I'm not sure why it isn't being published on paper and forgot to ask Andy that when I was there. It certainly deserves to be published by a mainstream publisher. Perhaps the publishers have judged the range of interest to be too narrow, but this would be a mistake on their part.

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only digital

The book is only in Logos format. According to Naselli (on his blog I think) there are no plans for any other format.

Maranatha! Don Johnson Jer 33.3

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Electronic book media

It appears that Dr. Naselli is committed to the concept of electronic media. See his blog comments about downsizing his personal print library. However, what he must realize is that everyone is not there yet--the transition from print to electronic is not universal. Until access to digital media is almost universal, we are stuck with dual publication to reach the broadest audience, IMHO.

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a prophecy

We'll never be "there" entirely. There will always be lovers of real books. I personally almost never read a book on a screen. If I can't write in the margins, I'd just assume listen to it in audio and not fatigue my eyes at all.
Screens are good for short pieces and reference works.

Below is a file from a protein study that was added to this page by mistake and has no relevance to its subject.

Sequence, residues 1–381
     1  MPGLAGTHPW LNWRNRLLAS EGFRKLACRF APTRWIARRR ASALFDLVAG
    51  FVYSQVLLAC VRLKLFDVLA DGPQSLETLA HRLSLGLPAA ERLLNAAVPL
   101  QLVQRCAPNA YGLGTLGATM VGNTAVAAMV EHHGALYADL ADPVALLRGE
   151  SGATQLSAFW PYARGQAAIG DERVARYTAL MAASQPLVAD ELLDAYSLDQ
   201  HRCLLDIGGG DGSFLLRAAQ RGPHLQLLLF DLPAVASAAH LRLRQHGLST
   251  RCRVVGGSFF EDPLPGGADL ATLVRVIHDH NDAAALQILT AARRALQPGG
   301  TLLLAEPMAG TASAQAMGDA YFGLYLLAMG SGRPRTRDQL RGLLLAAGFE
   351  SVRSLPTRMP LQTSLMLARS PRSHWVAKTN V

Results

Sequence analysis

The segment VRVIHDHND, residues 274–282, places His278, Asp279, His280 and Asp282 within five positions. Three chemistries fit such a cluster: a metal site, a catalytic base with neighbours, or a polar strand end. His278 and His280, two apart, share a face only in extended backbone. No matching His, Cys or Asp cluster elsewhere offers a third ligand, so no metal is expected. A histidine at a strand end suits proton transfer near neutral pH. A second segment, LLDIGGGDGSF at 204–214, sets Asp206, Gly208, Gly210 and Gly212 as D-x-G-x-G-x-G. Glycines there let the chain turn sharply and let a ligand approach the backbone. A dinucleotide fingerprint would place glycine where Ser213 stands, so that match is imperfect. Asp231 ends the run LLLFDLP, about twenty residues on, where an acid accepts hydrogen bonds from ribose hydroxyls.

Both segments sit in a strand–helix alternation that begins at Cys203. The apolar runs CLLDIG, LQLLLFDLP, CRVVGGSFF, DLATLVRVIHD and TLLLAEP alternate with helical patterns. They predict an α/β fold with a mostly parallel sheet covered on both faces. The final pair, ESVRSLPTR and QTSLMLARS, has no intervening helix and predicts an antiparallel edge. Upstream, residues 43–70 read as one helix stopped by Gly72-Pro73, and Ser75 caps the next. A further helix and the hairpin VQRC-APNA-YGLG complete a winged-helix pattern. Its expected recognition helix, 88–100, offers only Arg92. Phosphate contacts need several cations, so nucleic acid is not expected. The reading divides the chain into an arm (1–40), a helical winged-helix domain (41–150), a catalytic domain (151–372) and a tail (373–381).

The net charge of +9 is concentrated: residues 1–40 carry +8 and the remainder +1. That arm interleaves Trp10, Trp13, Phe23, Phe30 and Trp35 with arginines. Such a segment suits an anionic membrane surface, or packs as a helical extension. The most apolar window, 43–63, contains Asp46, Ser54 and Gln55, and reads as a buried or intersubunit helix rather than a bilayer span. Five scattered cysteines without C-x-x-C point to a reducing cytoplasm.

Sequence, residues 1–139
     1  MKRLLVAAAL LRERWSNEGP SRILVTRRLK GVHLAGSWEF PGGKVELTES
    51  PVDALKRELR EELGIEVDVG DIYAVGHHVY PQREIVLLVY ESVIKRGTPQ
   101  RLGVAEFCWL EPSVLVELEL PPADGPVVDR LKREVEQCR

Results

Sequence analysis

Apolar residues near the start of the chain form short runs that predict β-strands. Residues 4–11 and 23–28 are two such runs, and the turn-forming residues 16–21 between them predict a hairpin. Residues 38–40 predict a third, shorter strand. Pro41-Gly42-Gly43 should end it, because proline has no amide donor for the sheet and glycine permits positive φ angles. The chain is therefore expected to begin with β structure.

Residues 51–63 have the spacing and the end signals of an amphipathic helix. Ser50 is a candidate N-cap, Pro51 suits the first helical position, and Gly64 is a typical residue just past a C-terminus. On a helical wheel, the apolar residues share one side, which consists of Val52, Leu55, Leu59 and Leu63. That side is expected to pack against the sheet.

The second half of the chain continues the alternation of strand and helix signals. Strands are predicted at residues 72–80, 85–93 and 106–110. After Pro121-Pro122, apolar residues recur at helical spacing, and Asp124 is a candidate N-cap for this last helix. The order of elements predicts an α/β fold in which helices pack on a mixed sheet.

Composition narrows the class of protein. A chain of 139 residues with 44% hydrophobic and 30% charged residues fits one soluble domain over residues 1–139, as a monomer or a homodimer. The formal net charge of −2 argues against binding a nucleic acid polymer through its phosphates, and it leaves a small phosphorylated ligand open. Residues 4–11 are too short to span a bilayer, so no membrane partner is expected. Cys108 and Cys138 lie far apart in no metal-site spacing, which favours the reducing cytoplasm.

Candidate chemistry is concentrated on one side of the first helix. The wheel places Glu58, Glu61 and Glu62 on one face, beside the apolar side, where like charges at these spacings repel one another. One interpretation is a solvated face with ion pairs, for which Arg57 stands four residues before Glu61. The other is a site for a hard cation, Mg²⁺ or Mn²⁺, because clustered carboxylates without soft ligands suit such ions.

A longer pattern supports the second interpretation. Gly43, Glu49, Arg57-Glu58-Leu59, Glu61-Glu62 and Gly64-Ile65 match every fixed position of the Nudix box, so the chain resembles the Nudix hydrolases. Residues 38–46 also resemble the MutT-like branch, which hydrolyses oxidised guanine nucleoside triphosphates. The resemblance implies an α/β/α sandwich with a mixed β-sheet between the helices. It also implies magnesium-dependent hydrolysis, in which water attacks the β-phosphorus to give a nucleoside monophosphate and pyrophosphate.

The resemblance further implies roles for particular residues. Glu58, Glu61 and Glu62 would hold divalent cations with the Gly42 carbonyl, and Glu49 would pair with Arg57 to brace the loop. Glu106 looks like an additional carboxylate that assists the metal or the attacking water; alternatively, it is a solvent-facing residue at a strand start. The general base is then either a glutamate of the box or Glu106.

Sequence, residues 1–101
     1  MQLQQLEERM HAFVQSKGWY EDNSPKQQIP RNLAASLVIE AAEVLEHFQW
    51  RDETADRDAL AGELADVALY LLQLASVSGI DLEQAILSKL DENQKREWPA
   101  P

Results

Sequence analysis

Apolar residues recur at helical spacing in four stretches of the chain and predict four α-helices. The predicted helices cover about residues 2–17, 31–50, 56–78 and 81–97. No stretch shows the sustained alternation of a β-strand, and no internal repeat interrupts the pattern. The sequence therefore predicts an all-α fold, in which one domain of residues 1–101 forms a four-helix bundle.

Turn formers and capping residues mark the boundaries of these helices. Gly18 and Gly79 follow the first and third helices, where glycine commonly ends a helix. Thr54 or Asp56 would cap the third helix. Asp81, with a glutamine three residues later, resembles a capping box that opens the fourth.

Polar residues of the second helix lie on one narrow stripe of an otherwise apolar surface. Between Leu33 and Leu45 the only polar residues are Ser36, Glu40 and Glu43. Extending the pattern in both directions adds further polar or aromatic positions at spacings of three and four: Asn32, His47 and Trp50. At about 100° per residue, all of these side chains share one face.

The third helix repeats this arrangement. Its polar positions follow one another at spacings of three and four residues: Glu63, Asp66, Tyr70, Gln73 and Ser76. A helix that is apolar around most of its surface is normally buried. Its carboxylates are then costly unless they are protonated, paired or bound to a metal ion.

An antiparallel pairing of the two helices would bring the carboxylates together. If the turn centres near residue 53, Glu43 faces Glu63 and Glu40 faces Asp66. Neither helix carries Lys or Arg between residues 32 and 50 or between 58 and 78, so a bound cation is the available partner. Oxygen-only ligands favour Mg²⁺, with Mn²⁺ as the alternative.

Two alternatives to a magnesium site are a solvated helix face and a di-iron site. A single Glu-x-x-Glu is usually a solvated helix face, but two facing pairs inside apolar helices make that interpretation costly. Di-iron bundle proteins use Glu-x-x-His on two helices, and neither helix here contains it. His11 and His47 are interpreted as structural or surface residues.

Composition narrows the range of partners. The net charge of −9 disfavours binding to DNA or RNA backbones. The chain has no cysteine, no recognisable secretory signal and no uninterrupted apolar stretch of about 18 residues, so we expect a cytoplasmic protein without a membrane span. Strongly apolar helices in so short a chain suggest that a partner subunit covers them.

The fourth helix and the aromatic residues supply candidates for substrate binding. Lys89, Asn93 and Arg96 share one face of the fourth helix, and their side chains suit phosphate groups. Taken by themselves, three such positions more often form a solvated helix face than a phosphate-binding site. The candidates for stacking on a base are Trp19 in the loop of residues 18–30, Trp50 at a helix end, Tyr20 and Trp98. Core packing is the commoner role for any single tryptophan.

And I think I can envision a day when reading fiction on something like a Kindle would work for me. But non-fiction... I want to mark it up. If they find a way to do that (in a non distracting way) on a Kindlelike device, I might be seduced, but I'll still wonder if it's wise. What if civilization collapses for a while and all the networks go down and you don't own hard copies of any of your books?
(Or, a more likely scenario, some terrorist figures out how to bring the Internet down for a long time).

But I understand the appeal of e publishing. Much, much cheaper and with the social networking you can market an e book fairly cheaply as well. Cut out the middle men. If it were me, my long term goal would be to get my book into print.

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Trade-off.............................

Aaron Blumer wrote:
We'll never be "there" entirely. There will always be lovers of real books. I personally almost never read a book on a screen. If I can't write in the margins, I'd just assume listen to it in audio and not fatigue my eyes at all.
Screens are good for short pieces and reference works.
And I think I can envision a day when reading fiction on something like a Kindle would work for me. But non-fiction... I want to mark it up. If they find a way to do that (in a non distracting way) on a Kindlelike device, I might be seduced, but I'll still wonder if it's wise. What if civilization collapses for a while and all the networks go down and you don't own hard copies of any of your books?
(Or, a more likely scenario, some terrorist figures out how to bring the Internet down for a long time).